Do you have a New Years Day tradition? It seems most people do – from making black-eyed-peas for good luck for the coming year, to nursing a hangover, a hike at the beach or the forest, jumping in icy water… Mine's kinda morbid by some people's standards, but I've done it at least three times in the last few years. I drive north up the coast from Santa Cruz, a bucolic event in itself, to the rustic, pastoral town of ........Pescadero.
Happily, most people content themselves with what they consider a "quintessential coastal town experience" – sampling the world-famous artichoke soup at Duartes, or shopping at the "Old General Store", but just a few hundred yards up the old stagecoach road lies Mt.Hope Cemetary,
on a hillside overlooking the pastoral fields below, the tiny town down the road, and the eucalyptus grove that borders Highway 1 and the ocean. I arrive to find just 3 or 4 people, family visiting a departed relative, who soon leave. I have the whole place to myself.
It "works" on different levels for me. But first things first. Pull out my trusty iPod, scroll down to the essential album for this experience, turn off "Shuffle songs" so I can hear them in the original order, push "Play" and for the next 45 minutes take in Pink Floyd's "Dark Side of the Moon" while strolling among the graves. Imagine the part where the clock is ticking, then a cacophony of alarm clocks ring! All, while standing on this timeless hillside, surrounded by the epitome of our definition of time. Of finiteness and mortality.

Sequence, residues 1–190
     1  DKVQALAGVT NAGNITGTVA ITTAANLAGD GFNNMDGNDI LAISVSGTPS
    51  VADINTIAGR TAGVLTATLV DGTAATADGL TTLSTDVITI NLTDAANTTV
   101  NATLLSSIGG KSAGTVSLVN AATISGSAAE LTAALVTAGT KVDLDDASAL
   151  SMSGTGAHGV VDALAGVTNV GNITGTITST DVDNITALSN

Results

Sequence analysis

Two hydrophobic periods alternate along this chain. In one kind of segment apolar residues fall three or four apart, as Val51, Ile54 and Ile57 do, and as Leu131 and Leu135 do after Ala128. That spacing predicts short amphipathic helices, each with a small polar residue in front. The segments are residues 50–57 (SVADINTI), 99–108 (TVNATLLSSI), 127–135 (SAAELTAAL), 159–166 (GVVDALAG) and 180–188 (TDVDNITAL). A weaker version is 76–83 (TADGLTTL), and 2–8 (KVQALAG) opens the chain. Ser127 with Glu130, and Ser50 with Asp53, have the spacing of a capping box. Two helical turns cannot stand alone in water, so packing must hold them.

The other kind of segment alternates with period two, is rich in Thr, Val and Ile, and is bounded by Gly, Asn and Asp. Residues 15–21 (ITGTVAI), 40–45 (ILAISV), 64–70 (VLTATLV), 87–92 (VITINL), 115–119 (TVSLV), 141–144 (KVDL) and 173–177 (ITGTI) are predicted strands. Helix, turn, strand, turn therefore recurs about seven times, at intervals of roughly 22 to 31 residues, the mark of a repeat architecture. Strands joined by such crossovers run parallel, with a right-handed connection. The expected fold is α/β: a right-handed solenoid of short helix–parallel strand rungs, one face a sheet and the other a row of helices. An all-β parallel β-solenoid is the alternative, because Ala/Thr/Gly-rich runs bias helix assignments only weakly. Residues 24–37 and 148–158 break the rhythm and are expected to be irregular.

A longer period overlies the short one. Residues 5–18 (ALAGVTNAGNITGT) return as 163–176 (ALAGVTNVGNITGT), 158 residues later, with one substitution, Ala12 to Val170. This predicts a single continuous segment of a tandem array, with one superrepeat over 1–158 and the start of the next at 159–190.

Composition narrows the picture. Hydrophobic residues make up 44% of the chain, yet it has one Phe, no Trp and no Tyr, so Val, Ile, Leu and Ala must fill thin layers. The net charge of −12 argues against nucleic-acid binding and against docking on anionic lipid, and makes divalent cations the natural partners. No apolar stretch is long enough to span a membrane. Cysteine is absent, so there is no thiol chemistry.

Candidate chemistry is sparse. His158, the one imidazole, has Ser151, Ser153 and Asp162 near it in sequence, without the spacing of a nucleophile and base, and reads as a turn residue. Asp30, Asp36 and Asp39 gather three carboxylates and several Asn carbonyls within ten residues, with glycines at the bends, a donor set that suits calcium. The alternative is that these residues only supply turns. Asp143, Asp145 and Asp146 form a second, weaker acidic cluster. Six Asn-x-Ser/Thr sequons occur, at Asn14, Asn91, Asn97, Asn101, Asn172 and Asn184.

From a cerebral standpoint, it's fascinating to read the gravestones of people and families that settled here as far back as the early 1800s. There's Italian, Mexican, English, Japanese immigrants. There's children who died at 3 or 4 years old, the gravestones marking the years, months, and days that they lived.
But it's also a more spiritual experience.
Reminding me that I'm not here forever, and I will soon enough take my place among their number. It always poises me for doing my best to make the year ahead count. Among the existential questions of "Why am I here"" and "Who am I?", sometimes lies poignant, existential answers. As I drove away this year, I pondered, what was my answer. And it came to me:
BE PATIENT. THE PLANTING OF A SEED IS PART OF THE FLOWER BLOOMING.